On The Turntable

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    Go Hirano

    Go Hirano :: Corridor of Daylights

    The P.S.F. catalogue might be better known for its more extreme psych material, but it’s also got delicate gems such as this one lurking in the archives. Freshly reissued by Black Editions, Go Hirano’s Corridor of Daylights is a meditative collection of pastoral piano, gentle chimes, pianica (a breath-powered keyboard instrument) and the occasional wordless Robert Wyatt-esque vocal. Minimally beautiful and quietly deep, it’s the kind of record that sparks the imagination, letting the listener fill in the frame.

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    Yo La Tengo

    Yo La Tengo :: We Have Amnesia Sometimes/Sleepless Night

    Like most of us, Yo La Tengo have had a weird year. But the long-running band is making the most of things with two fresh releases: some things old, some things new, some things borrowed, some things blue.

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    Benny Yurco

    Benny Yurco :: You Are My Dreams

    The strange and alluring sonic world of Burlington, Vermont’s Benny Yurco comes to life on his sophomore long player, You Are My Dreams, released last month via People in a Position to Know. Having gigged regularly as rhythm guitarist for Grace Potter and the Nocturnals, this is Yurco’s first solo output in almost a decade. Dranged and dubbed out bedroom cantina vibes…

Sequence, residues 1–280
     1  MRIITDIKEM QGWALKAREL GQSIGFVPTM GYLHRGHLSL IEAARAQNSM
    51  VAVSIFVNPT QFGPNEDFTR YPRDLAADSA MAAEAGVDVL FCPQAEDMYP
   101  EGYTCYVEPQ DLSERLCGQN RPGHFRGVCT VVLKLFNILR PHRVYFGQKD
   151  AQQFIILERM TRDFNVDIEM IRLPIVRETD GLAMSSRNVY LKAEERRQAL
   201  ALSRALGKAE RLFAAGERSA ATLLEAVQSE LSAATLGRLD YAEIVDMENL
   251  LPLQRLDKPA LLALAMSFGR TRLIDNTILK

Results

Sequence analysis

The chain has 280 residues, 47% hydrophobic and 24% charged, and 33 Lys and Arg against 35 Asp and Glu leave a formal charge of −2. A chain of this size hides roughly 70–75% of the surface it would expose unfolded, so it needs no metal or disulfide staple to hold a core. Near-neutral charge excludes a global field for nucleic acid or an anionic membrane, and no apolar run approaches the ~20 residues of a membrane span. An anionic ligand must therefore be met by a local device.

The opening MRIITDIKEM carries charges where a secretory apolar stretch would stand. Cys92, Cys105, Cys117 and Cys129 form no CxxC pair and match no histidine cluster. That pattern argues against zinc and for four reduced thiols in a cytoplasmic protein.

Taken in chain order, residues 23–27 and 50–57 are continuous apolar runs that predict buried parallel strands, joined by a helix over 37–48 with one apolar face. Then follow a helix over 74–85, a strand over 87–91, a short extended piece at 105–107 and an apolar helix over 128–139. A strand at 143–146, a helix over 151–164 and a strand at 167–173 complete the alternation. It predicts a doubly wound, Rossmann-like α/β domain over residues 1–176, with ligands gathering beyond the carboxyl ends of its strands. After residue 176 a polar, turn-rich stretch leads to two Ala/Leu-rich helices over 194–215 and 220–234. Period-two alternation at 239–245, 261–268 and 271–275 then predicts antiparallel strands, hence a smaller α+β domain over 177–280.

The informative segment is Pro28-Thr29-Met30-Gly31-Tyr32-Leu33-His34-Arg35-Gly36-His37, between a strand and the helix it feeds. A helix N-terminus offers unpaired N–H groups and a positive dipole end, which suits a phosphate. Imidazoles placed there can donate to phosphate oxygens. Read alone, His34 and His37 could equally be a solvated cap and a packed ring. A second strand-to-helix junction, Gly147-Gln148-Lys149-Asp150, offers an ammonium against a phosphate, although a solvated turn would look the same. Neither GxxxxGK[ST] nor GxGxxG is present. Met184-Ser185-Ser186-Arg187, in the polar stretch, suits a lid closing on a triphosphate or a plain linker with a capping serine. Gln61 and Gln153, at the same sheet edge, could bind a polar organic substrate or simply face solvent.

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    Kiko Dinucci

    Kiko Dinucci :: Rastilho

    With Rastilho, Kiko Dinucci set out to make an album in the vein of Brazilian compatriot João Gilberto … as scanned through the lens of São Paulo’s avant-garde scene, African polyphonic rhythms and percussive post-punk. Sacrosanct this is not.

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    Alex Sadnik

    Alex Sadnik :: Self Portrait Delay

    Alto saxophonist Alex Sadnik’s Self Portrait Delay occasionally feels like a breezy west coast/cool jazz throwback. But there’s much more to it than retro moves. For one thing, the repertoire is extremely varied, ranging from Bill Evans to Henry Purcell to … the Feelies? Yes, Sadnik takes on “Tomorrow Today” from The Good Earth — and it works! The session sees Sadnik’s playful sax complemented by a killer band, including Tortoise guitarist Jeff Parker, organist Carey Frank and drummer Stephen Hodges.

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    Robert Wyatt

    Robert Wyatt :: His Greatest Misses

    The man. Non-chronological, career spanning, collection. Reissued on vinyl, 2020. Devour this, then buy the myriad eps and lps.

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    Chico Bernardes

    Chico Bernardes :: Chico Bernardes

    São Paulo’s Chico Bernardes has been busy. Over the past 12 months the Brazilian singer, songwriter and multi-instrumentalist has recorded and released two singles, and a self-titled full length.

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    Ron Mathewson’s Mystery Machine

    Ron Mathewson’s Mystery Machine :: A Love Supreme

    Part Soft Machine groove excavation, part Sabbathy ritual, bassist Ron Mathewson and his (unidentified) band take on John Coltrane’s classic “A Love Supreme.”

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Garcia Peoples :: The Aquarium Drunkard Interview